The pedals are thin, not small I would say. If you measure them against MSuper pedals, the length is the same, but the MSuper pedals are ~1/2" wider. 3 weeks of riding my GT16 in quite a bit of rain in NYC, no issue with slip. The pedals, due to being thinner and rubber I believe, do a pronounced V, more so than any other EUC brand, which wedges your feet to the machine more. My GT16 is long presses for power on and off, actually one of the longest of all EUCs I've bought. And I've tested pressing mid-ride, the GT16 does not shut off. Dunno if @captainwells's GT16 is different. Very subjective, must be a first ride thing. Riding for 3 weeks solely on my GT16, can't say mine feels not stable; feels plenty stable here. And nimble is relative. My GT16 feels like a regular 16", not as nimble as my 14" V5F+, especially due to the GT16's 49lbs 39lbs. And yes, the GT16 is very smooth. It has a rubbery like resistance to the drive, but not in a V8 way, more buttery. Yes, the GT16 is a hard response, just softer than a Ninebot or InMotion. The GT16 actually goes the other way, the pedals tiltback more than they dip, which is great for turns, but the rest of the time, they almost feel like speed warning tiltback if you didn't know any better. 3 weeks all over NYC, no issues yet (my tiltback and alarms are at 40kph, and I am 79kg. Most Asia faceplant reports seem to come from heavyweight riders going uphill FWIW. The crackling might be debris. The GT16, due to not a lot of tire clearance, tends to pick up a lot of debris going through the tire-case crevice. Personally, I love the rocket type sound when pushing the GT16. On the flip side, it can be on the louder side when rolling in a quiet building..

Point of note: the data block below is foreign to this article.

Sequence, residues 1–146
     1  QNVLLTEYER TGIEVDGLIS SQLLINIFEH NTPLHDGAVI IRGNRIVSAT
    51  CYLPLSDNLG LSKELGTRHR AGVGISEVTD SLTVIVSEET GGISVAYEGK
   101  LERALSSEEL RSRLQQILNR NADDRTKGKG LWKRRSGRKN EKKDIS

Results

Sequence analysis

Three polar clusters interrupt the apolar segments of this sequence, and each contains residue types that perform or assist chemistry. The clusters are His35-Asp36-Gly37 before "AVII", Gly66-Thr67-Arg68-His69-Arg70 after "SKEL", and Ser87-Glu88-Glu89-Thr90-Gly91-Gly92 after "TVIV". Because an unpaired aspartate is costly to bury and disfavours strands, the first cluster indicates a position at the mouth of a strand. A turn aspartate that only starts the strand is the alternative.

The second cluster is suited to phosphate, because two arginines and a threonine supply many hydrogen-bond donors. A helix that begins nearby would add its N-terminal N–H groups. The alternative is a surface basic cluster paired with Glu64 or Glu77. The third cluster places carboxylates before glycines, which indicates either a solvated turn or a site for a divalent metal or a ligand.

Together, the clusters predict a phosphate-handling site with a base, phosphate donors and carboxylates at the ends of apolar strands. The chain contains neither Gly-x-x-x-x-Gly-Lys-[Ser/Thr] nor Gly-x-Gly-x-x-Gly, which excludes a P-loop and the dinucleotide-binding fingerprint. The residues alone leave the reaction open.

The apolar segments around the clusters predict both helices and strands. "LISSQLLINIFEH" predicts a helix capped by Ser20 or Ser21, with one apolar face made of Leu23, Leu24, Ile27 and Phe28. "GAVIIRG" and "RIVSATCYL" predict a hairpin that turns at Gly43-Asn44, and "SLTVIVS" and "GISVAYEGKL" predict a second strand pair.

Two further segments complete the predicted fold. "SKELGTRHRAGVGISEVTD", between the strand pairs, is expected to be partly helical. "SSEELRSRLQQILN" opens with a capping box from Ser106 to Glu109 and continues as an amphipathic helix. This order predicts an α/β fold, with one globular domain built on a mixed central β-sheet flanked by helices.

30. 4 points
    Hi, one of my first rides in the Nature with my X3... It took my only about 8km's - but its pretty nice to checkout if i can handle it. Yuo can see - its not pretty warm in April in Germany !
  31. 4 points
    I use voltage as the reference, so can't say of the percentages, Battery University had this graph, but the percentages might not be the same as what the wheel apps show: Based on that, 30..40% would seem like the "sweet spot". http://batteryuniversity.com/learn/article/how_to_store_batteries It looks like laser, but it's just resistance wire glowing hot. If I remember right, that setup pulled about 10A out of the batteries, and dropping something like 55-60V over the wire, the entire wire was taking about 550-600W. Don't remember the gauge to check the amperage/temperature -charts, but based on color, might be somewhere around 800-1000 degrees Celcius? The Nichrome/Kanthal -wires are good up to something like 1300-1400 degrees C.
  32. 4 points
    In my (limited) experience, quality cells hold their charge pretty well... I've had 4 packs sitting for about a year (well, somewhat less, since last summer), and they've dropped to 57.8V (I'm not sure what I charged them to exactly when I left them sitting, something between 58-59V). The important thing is to not leave them sitting at high voltage, or to let them discharge too deeply. I've checked (or remembered to check ) the voltages about every three-four months, and haven't had the need to recharge them at any point. 3.6-3.8V per cell (57.6...60.8V for 16S/67.2V packs, 72...76V for the 20S/84V packs) seems to be some kind of recommended value, so around the nominal voltage per cell. If the voltage is too high, you need to find something to use as a load to discharge the packs somewhat. Light bulbs (not the energy saving "compact fluorescent" kind) could work, I used heat resistor wire: Maybe not the safest option...
  33. 4 points
    Apparently my feet are made of steel because I can ride great distances without needing a break I do not own any of those wheel cushions - I wouldn't be caught dead using one of those
  34. 4 points